Qihoo 360's report exposes U.S.'s hypocrisy in cybersecurity
Yuan Sha

Editor's note: Dr. Yuan Sha is an assistant research fellow with the Department for American Studies at the China Institute of International Studies. The article reflects the author's opinion, and not necessarily the views of CGTN.

Chinese cybersecurity firm Qihoo 360 dropped a bombshell report last week revealing a massive and sustained cyber espionage program operated by the Central Intelligence Agency (CIA) toward China. The revelation further exposes the U.S.'s hypocrisy in the cybersecurity realm.

China falls prey to U.S. cyber attacks

Qihoo 360 exposed a CIA-operated APT hacking group, code-named as APT-C-39, using a cyber weapon "Vault 7" against China. It also tracked down Joshua Adam Schulte, the former CIA employee who was charged by U.S. Federal prosecutors with leaking classified materials, as the man deeply involved in this program.

According to the report, the APT-C-39 group has been engaged in cyber infiltration and attacks targeting Chinese critical sectors for 11 years, including the space and aviation industry, scientific research institutions, oil industry, internet companies, and government agencies.

It is no surprise that China has long been a victim of U.S. cyber attacks. This report just revealed how massive and deep the CIA operations are attacking China, having gathered China's critical personal, commercial and government data and information which has seriously undermined the Chinese national security.  

Mike Pompeo testifies before the Senate Foreign Relations Committee for his nomination to become the secretary of state on Capitol Hill in Washington, DC, U.S., April 12, 2018. /Xinhua

Mike Pompeo testifies before the Senate Foreign Relations Committee for his nomination to become the secretary of state on Capitol Hill in Washington, DC, U.S., April 12, 2018. /Xinhua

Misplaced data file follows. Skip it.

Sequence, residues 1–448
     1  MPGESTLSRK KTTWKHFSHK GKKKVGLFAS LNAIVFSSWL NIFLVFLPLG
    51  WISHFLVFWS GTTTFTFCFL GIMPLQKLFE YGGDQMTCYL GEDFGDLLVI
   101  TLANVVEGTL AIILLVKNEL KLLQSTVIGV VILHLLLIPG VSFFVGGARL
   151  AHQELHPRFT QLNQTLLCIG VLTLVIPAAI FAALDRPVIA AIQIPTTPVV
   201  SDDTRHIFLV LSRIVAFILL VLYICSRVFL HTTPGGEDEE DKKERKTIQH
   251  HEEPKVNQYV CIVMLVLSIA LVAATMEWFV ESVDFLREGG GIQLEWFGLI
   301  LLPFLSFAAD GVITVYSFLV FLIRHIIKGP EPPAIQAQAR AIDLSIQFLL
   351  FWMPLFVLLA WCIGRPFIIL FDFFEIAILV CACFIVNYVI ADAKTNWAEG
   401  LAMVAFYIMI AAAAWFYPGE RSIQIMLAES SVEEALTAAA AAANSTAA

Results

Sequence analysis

A real 'hacker empire'

The U.S. intelligence community has developed a vast and sophisticated network using the most advanced cyber technologies to acquire information around the world, making it an undeniable "empire of hackers."

From the WikiLeaks revelation to Edward Snowden's case, the U.S. has been in the limelight of cyber espionage and attacks. The recent Crypto AG scandal revealed that the CIA had inserted an encryption "backdoor" in crytographic equipment after it acquired the Swiss company in the 1950s, which enabled the CIA to spy on governments of over 120 countries for decades.

The Qihoo 360 report serves as another piece of evidence. According to cyber expert Pierluigi Paganini, Qihoo 360's findings are consistent with the analysis of other cybersecurity firms, such as Kaspersky and Symantec, which also tracked CIA hackers.

But the U.S. is able to walk away from these scandals largely unscathed. In fact, it is so proud of its cyber intelligence activities that U.S. Secretary of State Mike Pompeo once proclaimed, "I was the CIA director – we lied, we cheated, we stole." And U.S. allies who fell victim chose to be acquiescent for fear of antagonizing their patron.

Cyberspace as a frontier of 'great power competition'

Dedicated to maintaining global unrivaled primacy, the U.S. is turning cyberspace into a frontier of "great power competition."

Standing at the vantage point of paramount cyber power, the U.S. is mounting aggressive cyber espionage and attacks on China. China's fledgling hi-tech sector is a clear target.

Take the space and aviation industry for example, China has made unprecedented advances such as accomplishing the world's first soft landing on the far side of the moon and launching the first Chinese-made C919 passenger jet. These accomplishments have given the U.S. a "Sputnik moment," prompting the country to restart its moon program and consider restricting sales of aircraft engines to China. As a result, cyber operations in the U.S. will definitely expand in this sector.

The U.S. has long been peddling the "China's a cybersecurity threat" theory to crack down on China in the sector and accusing China of violating the 2015 China-U.S. cyber agreement. It also went to great lengths to pressure allies to ban Chinese telecommunications firm Huawei from participating in the 5G roll-out by threatening withdrawing U.S. intelligence sharing.

But such far-fetched allegations without any evidence have been faced with widespread skepticism. As the world's biggest perpetrator of cyber attacks, dressing itself as the victim only exposes its hypocrisy.